Good deals in pandemic-hit companies are proving hard to find. Here’s how big investors that raised billions to pounce on corporate distress are changing up their playbooks.

A woman walks into a closing Gordmans store, Thursday, May 28, 2020, in St. Charles, Mo. Stage Stores, which owns Gordmans, is closing all its stores and has filed for Chapter 11 bankruptcy. (AP Photo/Jeff Roberson)

Summary List Placement

Investment firms that raised billions to help finance companies reeling from the coronavirus pandemic may have to wait until 2021 or beyond to deploy that capital. 

Wall Street experts that deal with distressed companies have changed their outlook from earlier on in the pandemic. Instead of a quick rush of bankruptcies and defaults, they’re now expecting the economic pain will take longer to unfold but could ultimately burn deeper and wider given the additional debt corporations have taken on. 

When COVID-19 first wreaked havoc on the economy this March, PE giants like Ares, KKR and Oaktree raised funds to lend to companies ranging from large, established brands facing short-term liquidity issues to businesses on the brink of bankruptcy.

Those fund launches helped push private credit to record levels this year. In aggregate, private debt funds were targeting $295 billion in capital through the third quarter — up 54% from the start of the year — across 521 funds, both all-time highs, according to a report from Preqin. Direct lending remains the most popular strategy, accounting for half the targeted capital, but interest in distressed and special situations grew substantially, and more than $100 billion is targeted toward those strategies.

But much of the private-credit growth in 2020 occurred in the second quarter, when investors still expected an imminent, significant wave of defaults. Of the $38 billion raised across 60 private credit funds in Q2, at least $22 billion went toward special situations and distressed-focused funds, according to Preqin.

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In the third quarter, private debt fell back to earth and funds struggled to close, Preqin said. Only 20 funds closed with an aggregate of $8.4 billion raised, down nearly 80% percent from Q2, with $2 billion going toward special situations and distressed-focused funds.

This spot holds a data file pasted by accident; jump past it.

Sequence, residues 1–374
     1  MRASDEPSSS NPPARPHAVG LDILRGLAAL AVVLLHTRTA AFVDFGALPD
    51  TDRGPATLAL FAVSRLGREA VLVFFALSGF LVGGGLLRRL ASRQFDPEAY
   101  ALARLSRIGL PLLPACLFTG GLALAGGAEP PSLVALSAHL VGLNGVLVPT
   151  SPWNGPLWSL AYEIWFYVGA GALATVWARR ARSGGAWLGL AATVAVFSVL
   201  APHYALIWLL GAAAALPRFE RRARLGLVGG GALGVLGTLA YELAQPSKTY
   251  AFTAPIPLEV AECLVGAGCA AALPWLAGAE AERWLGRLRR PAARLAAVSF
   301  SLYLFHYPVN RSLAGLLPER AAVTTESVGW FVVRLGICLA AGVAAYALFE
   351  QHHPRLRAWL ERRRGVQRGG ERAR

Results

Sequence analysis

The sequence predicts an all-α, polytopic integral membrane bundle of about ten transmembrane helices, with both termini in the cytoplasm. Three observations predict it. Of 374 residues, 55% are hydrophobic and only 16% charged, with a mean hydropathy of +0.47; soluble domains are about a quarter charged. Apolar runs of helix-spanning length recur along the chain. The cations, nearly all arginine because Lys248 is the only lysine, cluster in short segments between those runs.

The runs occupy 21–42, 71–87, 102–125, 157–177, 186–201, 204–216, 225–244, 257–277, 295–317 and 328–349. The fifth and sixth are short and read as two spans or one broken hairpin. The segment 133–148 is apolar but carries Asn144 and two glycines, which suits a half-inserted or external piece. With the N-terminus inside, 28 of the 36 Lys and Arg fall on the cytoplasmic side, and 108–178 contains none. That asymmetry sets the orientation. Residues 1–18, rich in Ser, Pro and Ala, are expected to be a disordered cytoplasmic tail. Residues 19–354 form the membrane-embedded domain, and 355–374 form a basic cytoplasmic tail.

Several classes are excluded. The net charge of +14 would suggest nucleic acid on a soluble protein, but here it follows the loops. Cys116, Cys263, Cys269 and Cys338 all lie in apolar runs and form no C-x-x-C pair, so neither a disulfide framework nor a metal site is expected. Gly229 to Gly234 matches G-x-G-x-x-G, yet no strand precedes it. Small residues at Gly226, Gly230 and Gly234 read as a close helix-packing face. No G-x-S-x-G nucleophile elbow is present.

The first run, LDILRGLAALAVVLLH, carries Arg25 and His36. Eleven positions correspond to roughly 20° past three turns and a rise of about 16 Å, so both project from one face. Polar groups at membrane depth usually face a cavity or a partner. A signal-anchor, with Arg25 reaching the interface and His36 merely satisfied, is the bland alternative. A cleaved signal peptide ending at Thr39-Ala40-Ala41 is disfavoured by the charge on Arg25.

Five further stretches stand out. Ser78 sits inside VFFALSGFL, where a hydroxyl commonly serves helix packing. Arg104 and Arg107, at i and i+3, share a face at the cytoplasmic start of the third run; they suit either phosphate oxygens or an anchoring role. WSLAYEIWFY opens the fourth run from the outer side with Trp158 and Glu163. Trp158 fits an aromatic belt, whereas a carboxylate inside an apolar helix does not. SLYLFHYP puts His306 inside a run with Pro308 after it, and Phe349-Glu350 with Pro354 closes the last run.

Bankers and other PE insiders say several factors have made private lending less bountiful than originally expected. The early dark days of the pandemic passed within weeks as the Federal Reserve took action to stimulate the economy and spur liquidity. The economy has been damaged, but funding has been readily accessible, interest rates remain low, and markets have steadily rebounded.

Many companies have thus averted crisis for now. The wave of expected bankruptcies and defaults outside of sectors such as energy, retail and hospitality — some of which were already under pressure pre-pandemic — have been relatively slow to materialize.

“The central banks are indirectly injecting a lot of liquidity to sub-investment grade businesses that need it,” said Jeffrey Griffiths, a placement agent at Campbell Lutyens, who is raising funds for private credit firms to loan to middle-market companies.

Griffiths said that companies with $2 billion enterprise value and above are not having a problem accessing the publicly leveraged credit capital markets, such as leveraged loans and high yield bonds. But he said that smaller companies need to access private markets. 

“Banks are increasingly unable and unwilling to provide special-situations capital to businesses that are in need of extra help,” said Griffiths.

As banks retreat, the middle market is ripe with opportunities

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Source:: Businessinsider – Finance

      

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